50 years ago: Mayoral candidates campaign on better relations with tribe
Back in 1967, the Navajo people had a mixed relationship with the border towns that existed right outside their doorstep.
Older Navajos, for the most part, enjoyed going to Gallup, Farmington, and other border towns, accepting the fact that they may not be treated as well as they should have been. Very few Navajos were employed in Gallup stores at the time and Navajo customers felt they were not treated as nicely as stores treated non-Navajos.
But while the Navajo elders tolerated the conditions, many of their grandchildren did not and a movement began, started by Navajo teenagers who wanted to promote change and better conditions for Navajos who traveled off the reservation to shop there.
This was still, however, a couple of years in the future and leaders in Gallup, for the most part, still played down any talk of racism by Gallup businessmen and spoke of the good relations the Navajo people had with the town.
This is very evident in elections, which were going on in Gallup at that time for mayor. Both of the candidates for the position, Wally Leach, a former editor for the Gallup Independent, and Ray Erwin, an accountant, approached the Navajo Times and asked for the paper’s endorsement.
Chet Macrorie, the paper’s editor, turned them both down, pointing out that the paper was owned by the Navajo tribe and for the paper to endorse them, it would be the same as the tribe doing it and the tribe’s position was to stay out of the affairs of the border communities unless it directly affected the Navajo people on the reservation.
Leach told the Navajo Times that he felt the Navajos needed to have some kind of representation in the city government.
After all, at that time, Navajos made up about 10 percent of the city’s 18,000 population (the figure now is close to 40 percent of the city’s 22,000 population) and that number was far outweighed by the number of Navajo people who live in areas surrounding the city.
Erwin agreed that the Navajo population needed to be heard.
“What benefits Gallup benefits the Navajo people in this area and what benefits the Navajo people benefits the city of Gallup,” he said.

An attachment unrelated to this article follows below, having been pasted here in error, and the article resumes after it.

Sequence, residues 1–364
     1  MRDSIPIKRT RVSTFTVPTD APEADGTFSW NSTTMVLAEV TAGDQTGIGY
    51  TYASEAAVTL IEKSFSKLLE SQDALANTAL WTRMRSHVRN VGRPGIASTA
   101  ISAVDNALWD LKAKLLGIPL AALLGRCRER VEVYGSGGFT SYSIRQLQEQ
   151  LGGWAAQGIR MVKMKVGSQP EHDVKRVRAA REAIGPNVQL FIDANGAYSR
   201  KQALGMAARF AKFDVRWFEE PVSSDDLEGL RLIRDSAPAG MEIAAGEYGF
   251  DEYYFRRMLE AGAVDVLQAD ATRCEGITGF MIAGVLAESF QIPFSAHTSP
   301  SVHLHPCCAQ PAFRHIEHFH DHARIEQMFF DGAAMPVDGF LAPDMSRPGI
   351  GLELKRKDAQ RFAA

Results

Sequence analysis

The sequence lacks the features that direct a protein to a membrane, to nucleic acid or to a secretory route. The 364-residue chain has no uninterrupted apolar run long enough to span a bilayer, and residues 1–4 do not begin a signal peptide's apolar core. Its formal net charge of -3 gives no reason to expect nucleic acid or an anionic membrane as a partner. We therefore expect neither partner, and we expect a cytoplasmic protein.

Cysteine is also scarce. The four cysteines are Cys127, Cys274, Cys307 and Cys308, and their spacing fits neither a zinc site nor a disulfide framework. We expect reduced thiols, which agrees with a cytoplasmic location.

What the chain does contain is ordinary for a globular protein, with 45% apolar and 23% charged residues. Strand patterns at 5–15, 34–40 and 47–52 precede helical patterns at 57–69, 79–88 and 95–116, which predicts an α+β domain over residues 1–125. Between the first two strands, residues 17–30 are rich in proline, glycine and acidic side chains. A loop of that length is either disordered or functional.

Erwin added that he was “dismayed” at the way the present city administration was treating Navajos who came to the city to shop or visit friends.
Both Erwin and Leach agreed that if they were elected, they would work to bring about better relations with the tribal government and the Navajo people.
Erwin would win that election and within a year of being in office, he would have to deal with the start of a series of protests by young Navajos upset about the same thing he said he was upset about during his campaign. By that time, however, Erwin found himself aligned with most of the businessmen in Gallup who fought back at making any type of change in the way they had been treating the Navajo people.
Speaking of changes between the way the Navajo Times is now compared to the way it was some 50 years ago, the Navajo Times was more liberal, I guess you could say, on what they considered to be news.
It wasn’t uncommon for the paper to print a poem or two written on some Navajo or Indian theme and almost every issue included one or more jokes, some of which would probably be considered racist today.
Here is one of the jokes reprinted from Macrorie’s weekly column – the Times also used jokes as fillers.
“A Navajo moved from his hogan to a house. He had a passion for yellow, so he let loose in painting his unfurnished home. He painted the house yellow, the bedroom yellow, the living room yellow, the bathroom yellow. He then caught yellow jaundice.
A PHS doctor was called and went to the man’s room to look him over. Soon he came back downstairs looking puzzled. The man’s wife asked if there was anything the doctor could do for the sick man.
‘Do for him?’ the doctor said. ‘I haven’t been able to find him.’”
Another big difference is that except for the front page and the editorial page, almost all of the articles in the paper were press releases or reprints.
After being in existence for more than five years as a newspaper, the Times still could not afford to hire a full-time reporter and almost all of the local stories were written by the editor.
The paper did use local photographs but most of these were supplied by organizations that wanted to publicize an event or someone they were honoring. Almost all of the photos had someone looking straight at the camera or a group of people looking at the camera.
The paper, by that time, did have a sports page usually consisting of a couple of stories based on press releases sent by a school. It usually included a picture of the team with each member posed looking straight at the camera.